When you grow fresh veggies, you like to eat them.
That’s basically the whole idea.
So, when beautiful produce comes from the community garden, you tend to get inspired.
The year we started the community garden our staff tried something called The Sophomore Café. We alternated weeks, and when it was your turn, you had to feature a fresh veggie from the garden in a tasty recipe that was easy to prepare.
I remember we made jalapeno poppers, herb-rubbed pork tenderloin, panzanella salad, gazpacho and cucumber tea sandwiches.
That was eight years ago, and I still remember what we made.
You see, food is the center of so many aspects of life. It’s the center of parties, holidays and cultural traditions. It’s the center of your family get-togethers and your church fundraisers.
But, what happens when your 12-year-old daughter is gluten intolerant, and Sunday pasta Bolognese is no longer an option for your traditional family dinner?
What happens when you are diagnosed with diabetes and haven’t a clue what to snack on?
What if, after your latest check-up, your doctor recommended a Keto diet, a Paleo diet, or a dairy-free, sugar-free or meat-free diet?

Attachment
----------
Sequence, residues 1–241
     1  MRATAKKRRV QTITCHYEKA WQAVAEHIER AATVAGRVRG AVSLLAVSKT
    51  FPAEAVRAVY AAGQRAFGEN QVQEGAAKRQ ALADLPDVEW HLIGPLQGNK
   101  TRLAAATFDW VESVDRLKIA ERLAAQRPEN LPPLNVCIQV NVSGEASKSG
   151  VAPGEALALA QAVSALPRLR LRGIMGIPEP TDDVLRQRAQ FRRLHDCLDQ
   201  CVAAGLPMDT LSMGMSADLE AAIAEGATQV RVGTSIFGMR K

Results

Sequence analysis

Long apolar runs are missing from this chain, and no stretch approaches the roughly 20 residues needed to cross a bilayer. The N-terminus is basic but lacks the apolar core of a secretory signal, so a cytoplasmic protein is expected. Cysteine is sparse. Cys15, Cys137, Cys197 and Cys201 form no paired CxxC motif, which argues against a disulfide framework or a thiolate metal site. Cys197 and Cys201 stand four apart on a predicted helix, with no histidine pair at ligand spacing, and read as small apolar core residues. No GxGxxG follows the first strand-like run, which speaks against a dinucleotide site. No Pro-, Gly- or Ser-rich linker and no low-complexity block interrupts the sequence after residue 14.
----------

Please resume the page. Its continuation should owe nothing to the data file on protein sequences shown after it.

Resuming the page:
You can Google recipes for hours on end, reading reviews, bookmarking, printing — or you can participate in The Learning Kitchen Project.
The Learning Kitchen Project has been a big idea for some time. It’s on the library’s three-year plan, but it comes with a price tag, a price tag too expensive for the public library.
With funding through a South Madison Community Foundation’s Community Enhancement Grant and a Madison County Foundation’s Youth Leadership Academy grant, the library received $7,500 to make The Learning Kitchen Project a reality.
The purpose of the grant is to install a full kitchen in the library’s community room to be used for demonstrations and cooking classes.
The Learning Kitchen Project targets three specific audiences: those who need to prepare food in accordance with specific diet regulations, those who want new ideas for family meals using affordable pantry items, and teens who desire to learn basic kitchen and food preparation skills.
In a partnership with Purdue Extension, the Pendleton Community Public Library will start offering cooking classes and demonstrations.
Construction on The Learning Kitchen Project is under way. So, stay tuned to see what’s cooking.